Young Egyptian doctor Mai Abdalla leadership innovation teamwork

Listen to the Ninth Dialogue for Learning, Leadership, and Impact

Reda SadkiWriting

The Geneva Learning foundation’s Dialogue connects a diverse group of learning leaders from all over the world who are tackling complex learning, leadership, and impact challenges. We explore the significance of leadership for the future of our societies, explore lessons learned and successes, and problem-solve real-world challenges and dilemmas submitted by Contributors of the Dialogue.

In the Geneva Learning Foundation’s Ninth Dialogue for Learning & Leadership, we start with Dr. Mai Abdalla. After studying global health security in at Yosei University South Korea and both public health and pharmaceutical science in her own country, Egypt. By the time she turned 30, Dr Abdalla had already worked with the Ministry of Health, UN agencies, and the African Union Commission. The accomplishments of her professional life are just the starting point, as we want to explore where and how did she learn to do what she does now? What has shaped her practice of leadership?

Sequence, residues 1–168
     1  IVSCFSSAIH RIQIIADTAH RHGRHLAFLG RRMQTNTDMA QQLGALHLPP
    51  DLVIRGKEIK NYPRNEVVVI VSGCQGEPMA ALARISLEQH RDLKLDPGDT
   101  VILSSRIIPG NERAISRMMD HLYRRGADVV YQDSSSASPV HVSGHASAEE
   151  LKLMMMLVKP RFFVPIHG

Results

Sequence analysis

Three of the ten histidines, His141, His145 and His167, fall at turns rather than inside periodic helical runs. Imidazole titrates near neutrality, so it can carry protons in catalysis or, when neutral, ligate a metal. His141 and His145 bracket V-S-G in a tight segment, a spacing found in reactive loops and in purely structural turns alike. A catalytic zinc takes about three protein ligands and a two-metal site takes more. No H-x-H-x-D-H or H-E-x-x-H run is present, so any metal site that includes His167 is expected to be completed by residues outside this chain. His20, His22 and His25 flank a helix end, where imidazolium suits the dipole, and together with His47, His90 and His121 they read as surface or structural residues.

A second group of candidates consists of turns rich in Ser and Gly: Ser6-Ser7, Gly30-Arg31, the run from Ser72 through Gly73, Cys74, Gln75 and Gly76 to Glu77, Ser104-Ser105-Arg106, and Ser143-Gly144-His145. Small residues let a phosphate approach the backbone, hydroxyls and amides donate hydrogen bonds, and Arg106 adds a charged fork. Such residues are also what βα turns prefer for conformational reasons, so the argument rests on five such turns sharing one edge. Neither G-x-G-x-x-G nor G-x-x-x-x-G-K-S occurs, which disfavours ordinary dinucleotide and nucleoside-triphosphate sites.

We are privileged to have Key Contributors Laura Bierema and Bill Gardner, together with Karen Watkins, three Scholars who have dedicated their life’s work to the study of leadership and learning. As we learn about Mai Abdalla’s leadership journey, they share their insights and reflections.

Here are a few of the questions we have explored in previous episodes of the Dialogue:

  • How do you define your leadership in relationship to learning?
  • Do you see yourself as a leader? Why or why not? If you do, who are your ‘followers’? Are you a ‘learning leader’ and, if so, what does that mean?
  • How do you define leadership in this Digital Age? How is it different from leadership in the past?
  • When and how did you realize the significance of the leadership question in your work and life? Who or what helped you come to consciousness? What difference did it make to have this new consciousness about the importance of leadership?
  • What is your own leadership practice now? Can you tell us about a time when you exercised ‘leadership’. What were the lessons learned? What would you do the same or differently if confronted with the same situation in the future?

In the second half of the Dialogue, we explored the leadership challenges of other other invited Contributors, including:

  • Sanusi Getso on leadership to establish antenatal care services for a neglected community.
  • Alève Mine shares her quandary about how to understand something for which no scaffold exists in one’s current view of the world.